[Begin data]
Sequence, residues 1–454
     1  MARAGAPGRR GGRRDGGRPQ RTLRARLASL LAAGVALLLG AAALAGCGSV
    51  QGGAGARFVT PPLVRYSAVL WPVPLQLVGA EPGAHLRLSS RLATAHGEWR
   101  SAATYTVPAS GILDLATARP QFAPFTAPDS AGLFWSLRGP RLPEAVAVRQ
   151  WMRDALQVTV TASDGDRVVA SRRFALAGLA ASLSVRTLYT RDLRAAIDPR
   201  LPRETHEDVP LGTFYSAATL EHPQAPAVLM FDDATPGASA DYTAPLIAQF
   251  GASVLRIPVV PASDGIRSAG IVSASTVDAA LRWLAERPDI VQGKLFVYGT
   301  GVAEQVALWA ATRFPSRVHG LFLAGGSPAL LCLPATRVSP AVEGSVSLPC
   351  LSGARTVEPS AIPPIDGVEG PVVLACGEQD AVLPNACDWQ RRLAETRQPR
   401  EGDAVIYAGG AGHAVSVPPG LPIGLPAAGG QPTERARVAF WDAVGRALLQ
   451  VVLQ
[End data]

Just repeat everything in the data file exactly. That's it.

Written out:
Sequence, residues 1–454
     1  MARAGAPGRR GGRRDGGRPQ RTLRARLASL LAAGVALLLG AAALAGCGSV
    51  QGGAGARFVT PPLVRYSAVL WPVPLQLVGA EPGAHLRLSS RLATAHGEWR
   101  SAATYTVPAS GILDLATARP QFAPFTAPDS AGLFWSLRGP RLPEAVAVRQ
   151  WMRDALQVTV TASDGDRVVA SRRFALAGLA ASLSVRTLYT RDLRAAIDPR
   201  LPRETHEDVP LGTFYSAATL EHPQAPAVLM FDDATPGASA DYTAPLIAQF
   251  GASVLRIPVV PASDGIRSAG IVSASTVDAA LRWLAERPDI VQGKLFVYGT
   301  GVAEQVALWA ATRFPSRVHG LFLAGGSPAL LCLPATRVSP AVEGSVSLPC
   351  LSGARTVEPS AIPPIDGVEG PVVLACGEQD AVLPNACDWQ RRLAETRQPR
   401  EGDAVIYAGG AGHAVSVPPG LPIGLPAAGG QPTERARVAF WDAVGRALLQ
   451  VVLQ